National – The United States office market ended the year on a high note with the vast majority of markets displaying occupancy growth and rental gains, but a number of the usual suspects are missing from the top ranks. Instead, historical “secondary markets” like Phoenix, Raleigh-Durham, Salt Lake City, and Miami are topping the list alongside the likes of San Francisco and Silicon Valley. Meanwhile, non-Central Business District (CBD) markets in metro areas with high concentration of technology tenants are coming back to peak levels as well, such as Cambridge, Mass., and Seattle’s Eastside, outpacing their respective CBD markets.
Fueling the nationwide demand for office space, naturally, is the bustling U.S. economy, which has propelled office fundamentals to their strongest levels in more than six years. JLL’s Q4 2014 U.S. Office Outlook shows that nationwide, net absorption increased by 36.7% from 2013, ending the year at 54.7 million sf. Meanwhile, more than 80% of U.S. office markets experienced rental rate growth over the course of the year, while the total office vacancy rate ticked down a percentage point from year-end 2013 to 15.6%. For leases larger than 20,000 sf, the numbers are even more compelling: Nearly 50% of all large leases experienced occupancy growth, contributing to the second quarter in a row that posted double the rate of growth the U.S. has experienced at any other point during the recovery.
“The U.S. added nearly 3 million jobs to the economy in 2014. Our unemployment rate is the lowest it has been since the second half of 2008. Meanwhile, corporate profits and consumer spending are strong, encouraging the business sector’s confidence in continued expansion,” explained John Sikaitis, managing director of research at JLL.
Indeed, new construction in 2014 was more than 68% higher on a per-sf basis than in 2013. Much of it continues to be concentrated in the CBDs of large metro areas. The nationwide average for vacant space in the CBDs is only 12.7% compared to an overall office vacancy rate of 15.6%t. It is the tightest markets that are seeing the most new development, like Midtown and Downtown New York, Downtown Seattle, Philadelphia, and San Francisco. But a number of non-CBD markets are busy with shovels in the ground as well. The biggest outlier is Houston. Other top-performing non-CBDs, especially those with a strong tech and life science presence like Cambridge, have become such sought-after office markets that current demand outpaces available space by multiples of two or even four. The demand in East Cambridge, in particular, is so strong that it’s having a ripple effect, helping to drive leasing activity in Boston’s CBD.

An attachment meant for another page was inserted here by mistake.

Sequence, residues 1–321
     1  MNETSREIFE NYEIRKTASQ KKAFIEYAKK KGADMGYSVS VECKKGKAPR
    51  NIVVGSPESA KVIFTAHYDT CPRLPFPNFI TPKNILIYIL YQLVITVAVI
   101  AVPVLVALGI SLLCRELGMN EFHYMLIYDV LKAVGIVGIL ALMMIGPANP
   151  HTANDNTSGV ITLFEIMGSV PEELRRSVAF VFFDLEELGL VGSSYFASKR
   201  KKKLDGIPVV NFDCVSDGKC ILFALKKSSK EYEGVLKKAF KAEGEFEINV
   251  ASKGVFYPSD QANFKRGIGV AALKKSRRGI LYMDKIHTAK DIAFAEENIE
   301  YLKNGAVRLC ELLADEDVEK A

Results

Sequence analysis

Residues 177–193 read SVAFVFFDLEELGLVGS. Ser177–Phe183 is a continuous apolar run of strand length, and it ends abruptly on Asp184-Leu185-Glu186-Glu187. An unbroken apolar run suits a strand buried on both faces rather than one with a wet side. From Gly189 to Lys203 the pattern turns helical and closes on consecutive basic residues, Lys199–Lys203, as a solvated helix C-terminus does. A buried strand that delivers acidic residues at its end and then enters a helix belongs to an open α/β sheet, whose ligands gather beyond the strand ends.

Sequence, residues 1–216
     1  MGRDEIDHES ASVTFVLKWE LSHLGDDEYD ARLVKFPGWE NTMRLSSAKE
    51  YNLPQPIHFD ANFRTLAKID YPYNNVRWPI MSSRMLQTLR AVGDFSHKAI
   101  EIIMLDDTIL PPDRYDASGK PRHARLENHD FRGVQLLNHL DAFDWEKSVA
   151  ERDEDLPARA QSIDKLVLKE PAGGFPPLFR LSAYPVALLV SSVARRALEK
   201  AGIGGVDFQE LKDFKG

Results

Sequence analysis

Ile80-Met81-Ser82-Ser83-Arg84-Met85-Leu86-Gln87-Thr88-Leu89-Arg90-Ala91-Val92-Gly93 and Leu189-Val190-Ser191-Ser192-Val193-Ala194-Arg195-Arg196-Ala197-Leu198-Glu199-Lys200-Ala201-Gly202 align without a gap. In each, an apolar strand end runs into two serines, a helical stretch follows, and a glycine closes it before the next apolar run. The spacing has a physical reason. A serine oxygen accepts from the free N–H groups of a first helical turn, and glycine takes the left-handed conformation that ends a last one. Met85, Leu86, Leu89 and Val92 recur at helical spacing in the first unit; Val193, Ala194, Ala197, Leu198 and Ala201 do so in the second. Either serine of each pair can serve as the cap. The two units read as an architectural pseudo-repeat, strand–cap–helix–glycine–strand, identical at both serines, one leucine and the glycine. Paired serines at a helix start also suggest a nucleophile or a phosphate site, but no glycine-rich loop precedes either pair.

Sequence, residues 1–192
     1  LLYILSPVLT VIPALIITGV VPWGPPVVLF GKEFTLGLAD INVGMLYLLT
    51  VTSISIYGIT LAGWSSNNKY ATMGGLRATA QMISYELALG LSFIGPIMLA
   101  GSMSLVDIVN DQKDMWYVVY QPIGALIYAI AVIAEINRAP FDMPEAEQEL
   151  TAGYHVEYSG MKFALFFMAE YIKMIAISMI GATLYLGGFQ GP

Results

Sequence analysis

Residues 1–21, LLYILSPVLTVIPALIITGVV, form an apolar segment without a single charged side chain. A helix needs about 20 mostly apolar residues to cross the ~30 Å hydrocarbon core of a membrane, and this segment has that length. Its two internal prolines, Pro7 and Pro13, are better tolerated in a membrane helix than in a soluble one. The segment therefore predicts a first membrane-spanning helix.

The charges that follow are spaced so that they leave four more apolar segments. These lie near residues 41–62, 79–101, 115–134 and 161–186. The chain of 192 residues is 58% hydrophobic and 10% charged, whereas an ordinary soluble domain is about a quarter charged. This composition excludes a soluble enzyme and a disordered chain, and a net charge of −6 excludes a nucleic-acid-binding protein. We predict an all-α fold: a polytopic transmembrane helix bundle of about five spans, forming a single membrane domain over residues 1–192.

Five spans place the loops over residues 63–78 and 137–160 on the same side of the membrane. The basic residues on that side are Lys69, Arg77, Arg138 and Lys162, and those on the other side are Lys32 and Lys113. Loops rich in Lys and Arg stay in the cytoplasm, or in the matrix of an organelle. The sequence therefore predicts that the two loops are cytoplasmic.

“Demand in Cambridge is nearly four times greater than existing supply,” noted Peter Bekarian, managing director in JLL’s Boston office. “The vacancy rate is at 7.7% and falling. The new construction under way will not be enough to slow the growth of rental rates significantly. Rents have soared over the past year, rising 14% over the course of the year. While average asking rents for office space in East Cambridge are now just shy of $59 per sf, some buildings have already achieved rents in excess of $70 per sf.”
Meanwhile, the traditional top-tier markets like Boston, Midtown New York, Chicago, and Los Angeles are tightening, but still haven’t approached the cyclical peak. Washington, D.C.’s office fundamentals, on the other hand, are only just coming out of the red for the first time in four years due to diversification of demand to tech, media, and creative, while its suburban markets, dominated by government contractors, are still in decline.
A Watchful Eye on the Future
While the current picture is rosy for the U.S. office sector overall, the real estate industry will be closely watching several recent economic developments that could slow momentum. In spite of enormous employment gains, labor force participation is still the lowest it has been in more than three decades, and low energy prices will be disconcerting for the otherwise bustling Southern and South Central regions of the country.
“There are certainly several economic factors along these lines that the real estate industry will have to bear in mind when making near-term growth estimations. But overall, the forecast for 2015 and into 2016 is the strongest it has been in more than 10 years,” Sikaitis concluded.
This article was originally printed in Real Estate Times.